French newspaper Le Monde conducted an interview with The Legend of Zelda: Breath of the Wild producer Eiji Aonuma late last week. It's short, but it's packed with juicy tidbits.
Nintendo Everything has since rounded up the most interesting points of the interview and translated them to English, but you can also run the original article through Google Translate. Turns out the algorithm doesn't make a total Moblin's breakfast of a French-to-English translation.
Some of the information re-treads past interviews, or at least confirms suspicions we've had about Breath of the Wild's development for a while now. We know the game is meant to evoke a sense of freedom that calls back to the very first Zelda game, for example, and most of us suspected Breath of the Wild's beautiful landscapes are inspired by the works of world-famous animator Hayao Miyazaki (Aonuma doesn't name Miyazaki, but does mention his artists all grew up on Japanese cartoons).
Le Monde's interview does get into interesting specifics, however. It outlines how The Elder Scrolls V: Skyrim played a major role in crafting the game's atmosphere; Aonuma found himself particularly impressed at how the game's different towns and territories differ significantly as you travel from place to place. He wants Breath of the Wild to offer a similar "pleasure of discovery," which is why you can climb everywhere in the game (which is something you can't actually do in Skyrim unless you're riding one of the province's magical cliff-scaling horses).
The interview doesn't do much to clarify how dungeons work in Breath of the Wild, which has caused some rumblings amongst Zelda fans at NeoGAF, reddit, and on social media. When Nintendo presented Breath of the Wild at E3 2016, it made a passing mention of traditional Zelda dungeons, but focused primarily on introducing "Shrines" – smaller, denser challenges that contain "Soul Orbs" Link can collect to exchange for items like the para-glider. Aonuma tells Le Monde that Shrines vary in size, and that some conclude with a traditional boss fight. That said, you won't find "themed" Shrines where you expect them. For instance, a Shrine located in the middle of the woods won't necessarily be forest-flavored.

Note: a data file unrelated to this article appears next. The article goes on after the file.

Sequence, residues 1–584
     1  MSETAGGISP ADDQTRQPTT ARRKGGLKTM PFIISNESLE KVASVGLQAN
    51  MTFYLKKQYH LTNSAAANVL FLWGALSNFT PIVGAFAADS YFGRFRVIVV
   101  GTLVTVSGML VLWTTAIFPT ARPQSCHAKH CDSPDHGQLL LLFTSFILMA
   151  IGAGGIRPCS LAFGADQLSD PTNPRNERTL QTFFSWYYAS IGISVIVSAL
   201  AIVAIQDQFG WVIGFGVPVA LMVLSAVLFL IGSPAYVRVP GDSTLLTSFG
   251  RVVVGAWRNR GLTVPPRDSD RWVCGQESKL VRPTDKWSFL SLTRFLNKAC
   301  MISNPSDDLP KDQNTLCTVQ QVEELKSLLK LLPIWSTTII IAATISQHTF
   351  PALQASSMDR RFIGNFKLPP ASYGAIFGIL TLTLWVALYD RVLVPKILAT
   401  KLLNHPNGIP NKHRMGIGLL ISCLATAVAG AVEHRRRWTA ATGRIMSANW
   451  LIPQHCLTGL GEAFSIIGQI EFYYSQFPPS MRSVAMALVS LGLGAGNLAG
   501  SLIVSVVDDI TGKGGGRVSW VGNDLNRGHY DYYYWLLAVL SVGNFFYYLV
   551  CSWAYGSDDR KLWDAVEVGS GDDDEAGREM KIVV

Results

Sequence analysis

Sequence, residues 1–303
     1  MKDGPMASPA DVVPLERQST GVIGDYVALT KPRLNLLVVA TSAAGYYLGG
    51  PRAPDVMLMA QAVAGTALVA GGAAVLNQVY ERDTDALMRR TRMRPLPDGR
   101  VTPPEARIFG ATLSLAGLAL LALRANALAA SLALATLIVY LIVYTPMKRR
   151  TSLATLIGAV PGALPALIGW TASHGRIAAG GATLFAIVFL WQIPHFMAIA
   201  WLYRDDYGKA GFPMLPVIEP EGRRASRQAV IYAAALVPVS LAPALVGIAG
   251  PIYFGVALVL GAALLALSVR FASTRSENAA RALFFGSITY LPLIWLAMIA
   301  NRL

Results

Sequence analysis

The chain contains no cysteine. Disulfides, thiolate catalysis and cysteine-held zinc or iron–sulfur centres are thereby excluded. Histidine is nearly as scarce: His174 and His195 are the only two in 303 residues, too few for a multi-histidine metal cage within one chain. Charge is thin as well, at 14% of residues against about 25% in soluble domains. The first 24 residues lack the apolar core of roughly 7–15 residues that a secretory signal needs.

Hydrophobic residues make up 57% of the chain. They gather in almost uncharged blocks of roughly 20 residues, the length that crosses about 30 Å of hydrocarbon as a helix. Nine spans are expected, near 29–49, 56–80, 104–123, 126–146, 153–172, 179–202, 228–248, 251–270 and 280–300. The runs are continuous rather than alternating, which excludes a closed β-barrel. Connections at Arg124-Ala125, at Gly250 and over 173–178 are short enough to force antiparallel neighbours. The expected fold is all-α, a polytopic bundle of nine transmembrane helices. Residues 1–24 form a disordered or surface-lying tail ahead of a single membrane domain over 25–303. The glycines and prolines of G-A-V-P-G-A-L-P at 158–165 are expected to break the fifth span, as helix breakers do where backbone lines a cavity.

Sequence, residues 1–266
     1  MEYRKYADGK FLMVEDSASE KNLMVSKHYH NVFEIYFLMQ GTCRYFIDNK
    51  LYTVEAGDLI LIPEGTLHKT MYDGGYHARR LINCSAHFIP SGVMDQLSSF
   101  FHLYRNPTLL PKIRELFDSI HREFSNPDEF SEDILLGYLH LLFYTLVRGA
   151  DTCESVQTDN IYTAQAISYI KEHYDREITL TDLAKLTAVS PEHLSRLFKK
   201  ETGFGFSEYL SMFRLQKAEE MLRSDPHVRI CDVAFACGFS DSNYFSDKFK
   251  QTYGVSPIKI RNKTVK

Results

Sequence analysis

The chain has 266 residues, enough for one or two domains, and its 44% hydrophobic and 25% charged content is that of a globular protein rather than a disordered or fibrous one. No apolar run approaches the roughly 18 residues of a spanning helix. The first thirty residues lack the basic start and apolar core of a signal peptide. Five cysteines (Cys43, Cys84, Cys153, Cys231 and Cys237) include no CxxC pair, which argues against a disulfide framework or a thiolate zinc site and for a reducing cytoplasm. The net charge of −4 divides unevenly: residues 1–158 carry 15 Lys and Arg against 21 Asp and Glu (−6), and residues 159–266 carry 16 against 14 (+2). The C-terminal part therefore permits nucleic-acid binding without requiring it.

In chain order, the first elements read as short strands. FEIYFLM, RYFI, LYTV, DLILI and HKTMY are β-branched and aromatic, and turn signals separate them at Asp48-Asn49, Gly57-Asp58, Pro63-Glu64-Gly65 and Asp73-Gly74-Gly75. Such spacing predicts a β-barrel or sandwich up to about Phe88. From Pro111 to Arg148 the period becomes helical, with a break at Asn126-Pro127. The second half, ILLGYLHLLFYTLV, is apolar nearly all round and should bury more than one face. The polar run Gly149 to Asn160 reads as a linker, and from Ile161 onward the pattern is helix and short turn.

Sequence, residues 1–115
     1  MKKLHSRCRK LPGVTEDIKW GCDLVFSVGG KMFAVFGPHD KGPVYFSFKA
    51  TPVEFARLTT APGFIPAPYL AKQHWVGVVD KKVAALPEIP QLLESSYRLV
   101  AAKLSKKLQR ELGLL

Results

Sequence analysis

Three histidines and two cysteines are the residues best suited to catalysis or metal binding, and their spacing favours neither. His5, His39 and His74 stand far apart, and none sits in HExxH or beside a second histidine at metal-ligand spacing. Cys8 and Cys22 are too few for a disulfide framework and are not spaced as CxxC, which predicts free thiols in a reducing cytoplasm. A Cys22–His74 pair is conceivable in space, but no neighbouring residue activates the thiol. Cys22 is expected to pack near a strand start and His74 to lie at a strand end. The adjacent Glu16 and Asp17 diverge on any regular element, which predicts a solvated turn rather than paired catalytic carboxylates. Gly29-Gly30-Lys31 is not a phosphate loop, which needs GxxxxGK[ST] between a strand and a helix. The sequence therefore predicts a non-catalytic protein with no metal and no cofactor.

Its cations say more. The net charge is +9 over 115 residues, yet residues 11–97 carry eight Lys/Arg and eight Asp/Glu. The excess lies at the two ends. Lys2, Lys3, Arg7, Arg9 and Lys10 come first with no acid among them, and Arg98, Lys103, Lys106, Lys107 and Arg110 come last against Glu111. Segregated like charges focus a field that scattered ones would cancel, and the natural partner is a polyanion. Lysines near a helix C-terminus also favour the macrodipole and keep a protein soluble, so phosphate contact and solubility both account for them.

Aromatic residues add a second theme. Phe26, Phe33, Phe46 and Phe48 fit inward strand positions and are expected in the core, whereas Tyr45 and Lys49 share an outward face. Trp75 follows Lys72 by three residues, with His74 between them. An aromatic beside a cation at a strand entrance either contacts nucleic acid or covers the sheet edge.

Nintendo has talked about Breath of the Wild's dungeons in the past, so unless something has changed drastically during development, we can probably still expect them. There's an enduring fan theory that the huge stone beasts we've seen in the game's trailers double as dungeons. We won't know for sure until Breath of the Wild comes out for the Switch and Wii U on March 3.
One final point of interest about the interview, and it's a bit of a downer: Breath of the Wild doesn't contain any "messages" for Aonuma's son because his son believes he's getting too big for them. To clarify, Wind Waker was made around the same time Aonuma's son was born, which inspired the producer to have Link's boat, the King of Red Lions, speak to Link with a fatherly, authoritative tone. Aonuma's son has since criticized the King for being "too preachy," and well, maybe he's right. It's still amusing and a little saddening to see a kid grow away from a parent's gifts, especially when that gift is rooted in the most popular and whimsical fantasy game series of all time.
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